Licensed from

ampicillin-sulbactam (generic name)

(am pi SILL in; sul BAK tam): A beta-lactamase inhibitor - It is used to treat certain kinds of bacterial infections

ampicillin-sulbactam

What is this medicine?
AMPICILLIN; SULBACTAM (am pi SILL in; sul BAK tam) is a penicillin antibiotic. It is used to treat certain kinds of bacterial infections. It will not work for colds, flu, or other viral infections.

This medicine may be used for other purposes; ask your health care provider or pharmacist if you have questions.
What side effects may I notice from receiving this medicine?
Side effects that you should report to your doctor or health care professional as soon as possible:
  • allergic reactions like skin rash or hives, swelling of the face, lips, or tongue
  • chest pain
  • difficulty breathing
  • fever, chills
  • pain or difficulty passing urine
  • redness, blistering, peeling or loosening of the skin, including inside the mouth
  • seizures
  • unusual bleeding, bruising
  • unusually weak or tired

Side effects that usually do not require medical attention (report to your doctor or health care professional if they continue or are bothersome):

  • diarrhea
  • headache
  • heartburn
  • nausea, vomiting
  • pain, irritation at the site of injection
  • sore mouth, tongue
  • stomach gas

This list may not describe all possible side effects. Call your doctor for medical advice about side effects. You may report side effects to FDA at 1-800-FDA-1088.

How should I use this medicine?
This medicine is infused into a vein or injected deep into a muscle. It is usually given by a health care professional in a hospital or clinic setting.

If you get this medicine at home, you will be taught how to prepare and give this medicine. Use exactly as directed. Take your medicine at regular intervals. Do not take your medicine more often than directed.

It is important that you put your used needles and syringes in a special sharps container. Do not put them in a trash can. If you do not have a sharps container, call your pharmacist or healthcare provider to get one.

Talk to your pediatrician regarding the use of this medicine in children. Special care may be needed.

Overdosage: If you think you have taken too much of this medicine contact a poison control center or emergency room at once.
NOTE: This medicine is only for you. Do not share this medicine with others.
What if I miss a dose?
If you miss a dose, take it as soon as you can. If it is almost time for your next dose, take only that dose. Do not take double or extra doses.
What may interact with this medicine?
  • allopurinol
  • female hormones, including contraceptive or birth control pills
  • probenecid
  • some other antibiotics given by injection

This list may not describe all possible interactions. Give your health care provider a list of all the medicines, herbs, non-prescription drugs, or dietary supplements you use. Also tell them if you smoke, drink alcohol, or use illegal drugs. Some items may interact with your medicine.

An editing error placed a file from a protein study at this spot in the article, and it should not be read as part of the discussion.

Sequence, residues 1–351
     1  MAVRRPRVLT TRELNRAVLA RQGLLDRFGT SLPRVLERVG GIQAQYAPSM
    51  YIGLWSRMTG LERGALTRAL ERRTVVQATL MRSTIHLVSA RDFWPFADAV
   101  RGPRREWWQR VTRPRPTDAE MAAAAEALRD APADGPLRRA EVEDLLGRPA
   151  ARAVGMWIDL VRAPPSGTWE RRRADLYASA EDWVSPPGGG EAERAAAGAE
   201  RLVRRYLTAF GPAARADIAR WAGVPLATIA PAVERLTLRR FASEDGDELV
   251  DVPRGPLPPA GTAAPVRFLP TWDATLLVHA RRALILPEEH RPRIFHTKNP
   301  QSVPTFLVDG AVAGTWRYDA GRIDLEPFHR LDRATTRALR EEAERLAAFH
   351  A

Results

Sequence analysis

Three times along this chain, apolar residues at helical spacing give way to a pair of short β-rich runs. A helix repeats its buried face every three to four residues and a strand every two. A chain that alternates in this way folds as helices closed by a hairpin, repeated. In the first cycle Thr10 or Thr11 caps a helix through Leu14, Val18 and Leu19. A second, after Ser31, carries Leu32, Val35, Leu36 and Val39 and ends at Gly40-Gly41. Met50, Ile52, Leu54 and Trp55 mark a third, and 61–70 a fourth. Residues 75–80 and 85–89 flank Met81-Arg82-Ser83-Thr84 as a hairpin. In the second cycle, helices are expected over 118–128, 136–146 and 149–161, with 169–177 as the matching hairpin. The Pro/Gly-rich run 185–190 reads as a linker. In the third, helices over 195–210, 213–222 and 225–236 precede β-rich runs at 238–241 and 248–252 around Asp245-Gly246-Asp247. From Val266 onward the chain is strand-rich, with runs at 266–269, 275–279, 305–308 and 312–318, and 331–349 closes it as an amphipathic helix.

Who should NOT use this medication?

  • Known hypersensitivity to any penicillin.

What should I watch for while using this medicine?
Tell your doctor or health care professional if your symptoms do not improve or if you get new symptoms.

Do not treat diarrhea with over the counter products. Contact your doctor if you have diarrhea that lasts more than 2 days or if the diarrhea is severe and watery.

This medicine can interfere with some urine glucose tests. If you use such tests, talk with your health care professional.

Birth control pills may not work properly while you are taking this medicine. Talk to your doctor about using an extra method of birth control.
What should I tell my health care provider before I take this medicine?
They need to know if you have any of these conditions:
  • heart disease
  • kidney disease
  • mononucleosis
  • an unusual or allergic reaction to ampicillin, other penicillins or antibiotics, foods, dyes, or preservatives
  • pregnant or trying to get pregnant
  • breast-feeding
Can I stop taking the medication if I feel better?
If you have been diagnosed with a disease for which an antibiotic is needed, you must complete the prescribed course of treatment. Even if you start to feel better, do not skip any doses and remember to take the medication until it is all gone.
I am on so many medications; do I have to take them all?
This is called polypharmacy—many different medications being used at the same time by one person. Sometimes, being on multiple medications is acceptable and appropriate but at other times it may be problematic. If you are receiving your medications from multiple physicians you need to ensure that they all know what medications you are taking. The best way to do this is to make a list of all the medications you are currently using, including all nutritional supplements, homeopathic remedies, vitamins and over-the-counter drugs (if possible, also include all the diseases you have been diagnosed with). Give a copy to every doctor who takes care of you so they have it on file, this way they can avoid duplicating medications and perhaps even try to consolidate some. After every doctor's visit remember to update the list accordingly. Also, as much as you possibly can, try to use the same pharmacy to fill all your prescriptions, this way any potential drug interactions can be caught and averted.
Where can I get more information?
More Information

Follow Yahoo Health on and become a fan on

Follow @YahooHealth on